Residual leases, however, are becoming more common, especially among clubs that plan to swap out old equipment on a routine basis. At the end of the lease term, the lessee has the option to buy the equipment for a percentage of the original purchase price or opts to return it and begin a new lease with new equipment. "YMCAs and other nonprofits like this because their equipment gets a lot of use, and they like to be able to flip that equipment every three years," Gnewuch says. "We would come in, remove the equipment and begin a new lease term."

Residual leases are popular not just because they allow businesses to stay at the forefront of technology, but they can help stave off potential maintenance issues. Typical leases for cardio equipment are three years, generally the same length as the manufacturer's warranty. But for businesses looking for a longer lease or a little more security, vendors also offer extra coverage. "Several companies, Precor among them, have started to include the option of buying a preventative maintenance plan as well as an extended warranty," Rasmussen says. "A guy will come in every six months, clean the product, check the belts and everything."

Depending on the type of lease, there are tax benefits to be had, Rasmussen says. "We try to avoid being people's tax advisors, but there are advantages, deductions you can take. Look into everything with a good tax attorney."
 

LONG-TERM SPENDING
Leasing fitness equipment is not a one-time expenditure for most fitness businesses, but an ongoing part of the budget. Adding to the complexity of financing is that not all equipment will have the same lease terms. "Most established clubs will stagger their replacement over a time period," says Rasmussen. Cost is the major reason, of course, but there are other reasons. "Equipment gets used at different levels, depending on what's hot in the industry. Treadmills are always hot in the industry, and every few years, steppers make a comeback. Then it might be bikes. Those things cycle through different use. You may have bought steppers five years ago and they haven't gotten used a lot."

Then there's perhaps the most important reason: keeping up appearances for members. "If you do everything at once, next year when you haven't done anything, members walk in and ask, ‘What have you done for me lately?' " Rasmussen says. "Most owners tell me they have more impact doing small amounts of staggered upgrades than replacing everything at once. They want to show that they're constantly updating and showing they're putting money into the facility."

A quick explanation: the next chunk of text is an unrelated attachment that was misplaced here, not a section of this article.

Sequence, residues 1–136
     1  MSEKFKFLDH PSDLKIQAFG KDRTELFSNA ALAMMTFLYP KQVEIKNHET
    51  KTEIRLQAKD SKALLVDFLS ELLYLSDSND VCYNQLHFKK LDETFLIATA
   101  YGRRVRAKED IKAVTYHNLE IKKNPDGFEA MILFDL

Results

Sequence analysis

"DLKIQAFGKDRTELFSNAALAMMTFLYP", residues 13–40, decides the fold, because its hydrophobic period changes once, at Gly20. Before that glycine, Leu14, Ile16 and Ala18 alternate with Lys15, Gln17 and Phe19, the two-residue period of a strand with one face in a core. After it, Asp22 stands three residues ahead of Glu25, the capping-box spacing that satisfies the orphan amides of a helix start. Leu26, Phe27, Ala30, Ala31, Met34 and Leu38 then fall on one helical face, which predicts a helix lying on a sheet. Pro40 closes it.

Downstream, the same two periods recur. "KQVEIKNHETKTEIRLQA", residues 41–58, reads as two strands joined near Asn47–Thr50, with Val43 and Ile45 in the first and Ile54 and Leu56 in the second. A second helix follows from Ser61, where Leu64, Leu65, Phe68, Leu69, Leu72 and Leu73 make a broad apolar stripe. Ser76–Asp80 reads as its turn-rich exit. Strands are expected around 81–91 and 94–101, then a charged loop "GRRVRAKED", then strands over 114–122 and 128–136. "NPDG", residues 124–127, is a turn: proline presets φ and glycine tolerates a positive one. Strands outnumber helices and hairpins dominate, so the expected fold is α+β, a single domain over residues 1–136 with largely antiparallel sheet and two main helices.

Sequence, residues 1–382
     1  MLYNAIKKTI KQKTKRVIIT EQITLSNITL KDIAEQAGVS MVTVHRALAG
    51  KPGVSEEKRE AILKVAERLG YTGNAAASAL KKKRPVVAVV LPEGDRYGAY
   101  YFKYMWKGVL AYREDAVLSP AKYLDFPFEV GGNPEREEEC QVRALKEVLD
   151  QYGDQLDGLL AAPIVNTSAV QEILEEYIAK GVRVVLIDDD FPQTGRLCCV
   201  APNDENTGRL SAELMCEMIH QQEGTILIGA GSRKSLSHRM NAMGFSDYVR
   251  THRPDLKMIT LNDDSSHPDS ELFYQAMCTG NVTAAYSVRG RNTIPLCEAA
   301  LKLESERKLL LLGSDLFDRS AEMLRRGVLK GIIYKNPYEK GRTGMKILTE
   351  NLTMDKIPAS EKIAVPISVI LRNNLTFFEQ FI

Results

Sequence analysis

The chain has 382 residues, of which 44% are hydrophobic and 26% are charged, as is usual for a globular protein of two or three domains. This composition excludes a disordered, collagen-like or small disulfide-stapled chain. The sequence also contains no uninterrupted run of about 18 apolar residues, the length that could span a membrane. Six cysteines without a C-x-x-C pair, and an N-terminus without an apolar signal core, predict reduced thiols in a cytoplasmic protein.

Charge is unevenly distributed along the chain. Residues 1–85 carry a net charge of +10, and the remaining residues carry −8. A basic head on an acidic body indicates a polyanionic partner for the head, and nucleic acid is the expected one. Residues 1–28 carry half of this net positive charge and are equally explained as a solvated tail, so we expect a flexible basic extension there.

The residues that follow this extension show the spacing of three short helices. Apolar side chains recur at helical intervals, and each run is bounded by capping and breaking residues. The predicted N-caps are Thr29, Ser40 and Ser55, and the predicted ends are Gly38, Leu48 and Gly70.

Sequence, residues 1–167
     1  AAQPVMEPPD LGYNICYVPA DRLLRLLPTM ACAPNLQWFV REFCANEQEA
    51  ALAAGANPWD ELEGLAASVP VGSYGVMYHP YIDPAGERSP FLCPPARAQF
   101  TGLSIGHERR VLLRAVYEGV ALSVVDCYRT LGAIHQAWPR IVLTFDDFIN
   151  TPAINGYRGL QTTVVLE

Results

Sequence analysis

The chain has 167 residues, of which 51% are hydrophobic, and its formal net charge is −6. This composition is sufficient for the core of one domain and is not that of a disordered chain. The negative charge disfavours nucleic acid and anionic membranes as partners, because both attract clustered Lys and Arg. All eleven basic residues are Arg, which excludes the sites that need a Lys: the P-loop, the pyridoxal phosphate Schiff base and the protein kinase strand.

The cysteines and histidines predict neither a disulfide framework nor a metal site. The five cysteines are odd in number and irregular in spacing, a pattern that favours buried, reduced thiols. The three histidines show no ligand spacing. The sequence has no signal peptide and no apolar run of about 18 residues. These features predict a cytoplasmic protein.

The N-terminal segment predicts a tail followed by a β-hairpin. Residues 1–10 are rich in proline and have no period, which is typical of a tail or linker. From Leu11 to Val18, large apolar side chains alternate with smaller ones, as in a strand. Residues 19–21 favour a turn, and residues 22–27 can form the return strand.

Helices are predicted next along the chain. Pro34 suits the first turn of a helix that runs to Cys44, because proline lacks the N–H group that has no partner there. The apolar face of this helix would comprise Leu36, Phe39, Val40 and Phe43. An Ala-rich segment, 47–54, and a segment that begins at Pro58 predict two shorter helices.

When seeking out financing for equipment, it's not enough to know what the options are and which is the best fit for a business — you also have to be prepared to demonstrate that you are a good fit for the financial institution. "The number one thing we instruct people to do as they consider financing equipment is to be prepared as you go into it to provide your financial information," Rasmussen says. "If you're really considering financing, talk to the finance division, get a list of the required info and go in prepared."


This article originally appeared in the January/February 2015 issue of Athletic Business with the title, "Temporary Assets."

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2XL2XL

2XL Corp.
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With its broad incline and resistance ranges, the Arc Trainer is three machines in one. At lower incline levels, it glides like a cross-country skier; at mid-level, it strides like an elliptical; and at the higher inclines, it's a climber or stepper. Because the legs travel in a biomechanically correct path of motion, there's less stress on the knees, allowing more activation of the glutes and hamstrings. The Arc Trainer is scientifically proven to burn 16 percent more calories than an elliptical in a 30-minute workout. Moreover, it raises an exerciser's heart rate, activates the entire body, tones muscles and builds power, all while minimizing joint stress.